Quarterdeck: 4 x 6-pounder long guns
Forecastle: 2 x 6-pounder long guns

Commissioned in November 1779 under the command of Captain Gideon Johnstone, she sailed for North America on 13th August 1780, and was with Vice Admiral Arbuthnot's squadron at the Battle of Cape Henry on the 16th March 1781, later escorting a homeward bound convoy in December 1782 under her new captain David Graves who took command the previous February.

The French 74-gun ship Conquerant took the brunt of the British attack at the Battle of Cape Henry suffering 93 casualties out of a French total of 181. Adamant escaped the action without loss, that saw this prelude action to the Chesapeake later in the year end in favour of the British with the French squadron forced to depart, ending plans to cooperate with Lafayette's army.

In April 1783, Adamant was paid off, but was soon recommissioned for foreign service, refitting between May and September that year, before sailing to the Leeward Islands in November where she served as the flagship of Admiral Sir Richard Hughes for the next three years, before returning home to be paid off in September 1786.

In August 1787 she entered the docks in Sheerness to begin a 'great repair' which completed in May 1789 at a cost of £23,533, about £4.8 million in today's money. Recommissioned in the February and fitted out as a flagship she sailed for Nova Scotia in June with Admiral Hughes hoisting his flag in her, serving three years on the station until her return home in June 1792 to be paid off.

Captain William Hotham, circa 1806 - John Raphael Smith

Hurriedly recommissioned in April 1793, with the outbreak of war with France, she sailed for the Leeward Islands in September 1794 under Captain Henry D'Esterre Darby to be succeeded by Captain Henry Warre in November 1796, and by May 1797 had returned to home waters, for Adamant to be caught up in the Nore Mutiny, 12th May 1797, with Captain William Hotham in command since January.

Of the two-decker ships of Duncan's fleet, only his flagship HMS Venerable and the Adamant under Hotham remained loyal, and it was just these two ships that continued the blockade of the Dutch fleet, maintaining a bluff by continual signalling to a non-existent fleet beyond the horizon until the mutiny collapsed in June.

Adamant would be under the command of Captain Hotham at Camperdown escaping without any casualties from the battle.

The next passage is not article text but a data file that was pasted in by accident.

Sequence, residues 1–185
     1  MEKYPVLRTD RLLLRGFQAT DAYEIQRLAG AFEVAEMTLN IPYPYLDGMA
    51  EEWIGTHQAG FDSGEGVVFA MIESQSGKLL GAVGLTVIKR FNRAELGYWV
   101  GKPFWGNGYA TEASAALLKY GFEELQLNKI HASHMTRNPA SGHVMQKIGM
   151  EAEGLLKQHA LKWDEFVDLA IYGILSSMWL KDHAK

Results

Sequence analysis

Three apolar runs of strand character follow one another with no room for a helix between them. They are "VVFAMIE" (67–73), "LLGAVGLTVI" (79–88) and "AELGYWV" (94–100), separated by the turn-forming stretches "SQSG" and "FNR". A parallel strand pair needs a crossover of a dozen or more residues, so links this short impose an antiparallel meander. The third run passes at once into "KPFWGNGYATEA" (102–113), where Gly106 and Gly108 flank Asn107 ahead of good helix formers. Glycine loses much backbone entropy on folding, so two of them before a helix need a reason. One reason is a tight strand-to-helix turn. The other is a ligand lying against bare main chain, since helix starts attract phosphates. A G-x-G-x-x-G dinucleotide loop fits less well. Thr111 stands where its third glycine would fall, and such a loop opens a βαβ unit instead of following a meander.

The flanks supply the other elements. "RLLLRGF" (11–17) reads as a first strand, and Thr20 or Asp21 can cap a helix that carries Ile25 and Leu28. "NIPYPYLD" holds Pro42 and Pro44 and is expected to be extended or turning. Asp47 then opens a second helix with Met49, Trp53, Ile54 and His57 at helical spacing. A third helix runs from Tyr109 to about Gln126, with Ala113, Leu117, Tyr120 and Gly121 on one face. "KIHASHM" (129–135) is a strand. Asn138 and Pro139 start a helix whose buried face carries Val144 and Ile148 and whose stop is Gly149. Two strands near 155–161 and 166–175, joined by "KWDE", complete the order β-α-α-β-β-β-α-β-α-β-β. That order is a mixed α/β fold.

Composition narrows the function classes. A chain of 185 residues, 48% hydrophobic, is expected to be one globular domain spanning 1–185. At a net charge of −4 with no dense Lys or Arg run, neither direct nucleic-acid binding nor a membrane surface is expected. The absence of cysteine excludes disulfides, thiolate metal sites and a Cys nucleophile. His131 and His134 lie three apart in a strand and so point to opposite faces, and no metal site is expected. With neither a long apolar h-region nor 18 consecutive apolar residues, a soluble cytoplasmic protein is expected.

[The Adamant's station in the line was next ahead of the Isis, but she was ordered on joining the fleet on the 11th to take station astern of the Russell. The Alkmaar was therefore her opponent. She appears to have passed on to the Haarlem. Mr. Bom credits her with having broken the line between the Wassenaer and Batavier, but under the circumstances it is probable that some other ship was mistaken for the Adamant.]

Extracts from the log of HMS Adamant at the Battle of Camperdown
Log. WALES CLODD, Master. Official No. 2289.

October 11th AM
 . . At 10, bore up and made sail, as did the fleet. 1\2 past, spoke H.M.S. Circe, who ordered us to take our station astern of the Russell. 1/4 past 11 , shortened sail and took 2 reefs in the topsails per signal. At noon, fresh breezes and hazy. Running down towards the Dutch fleet, which were forming the line on the larboard tack.

P.M. Moderate breezes and cloudy. 10 minutes past 12, in 3rd reef the topsails. 1\2 past, out 3rd reef. Set topgallant sails and driver. Standing down to the enemy. 40 minutes past 12, Admiral Onslow began to engage the Dutch Vice-Admiral.

At 1, began firing on the enemy's ships and continued till 40 minutes past 2, when we observed 4 sail of the line and a frigate had struck to us and our ships in the rear; had the fore topsail yard shot away with sundry of the topmast and topgallant rigging. 

At 3, answered the signal to stay by prizes. Out boats and took possession of the Haarlem. Sent the 1st and 4th lieutenants, 1 petty officer, and 63 seamen and marines on board her. Employed getting up fore topsail yard, replacing rigging. Received from the Haarlem 76 prisoners. 

At 5, answered our signal to come within hail of the Monarch. 1\2 past 6, spoke do., who told us to stay by the Haarlem.

At 7, bent fore topsail and set do. At 10, in boats. At 11, took the Haarlem, 68 guns, in tow and made sail. Light breezes and cloudy weather.

October 12th.
A.M. Moderate breezes and cloudy. 6. Out 2nd reef the topsails and made all sail. Saw the greatest part of the fleet in the SE quarter with several of their prizes. Employed variously, cleaning ship, &c. Tacked ship, fresh breezes and cloudy. Haarlem in tow. H.M. ships Russell and Monmouth to leeward with their prizes in tow, the Monnikendam, Dutch frigate, in company.

Next up: The season's festivities kick-off with a trip up to North Devon to enjoy a WWII recreation of the battle to capture Pegasus Bridge, played with friends using Flames of War, AAR to follow, and I'm aiming to try and get the next post in this series up before the Xmas break looking at the three outstanding ships of the Dutch Rear, the two third-rates, Haarlem and Cerberus, and the fourth-rate Alkmaar, before preparing my Year End Review and the look forward to plans for 2024 which I'll post in the normal way, in the break in between Xmas and the New Year.

More Anon

No comments:

Post a Comment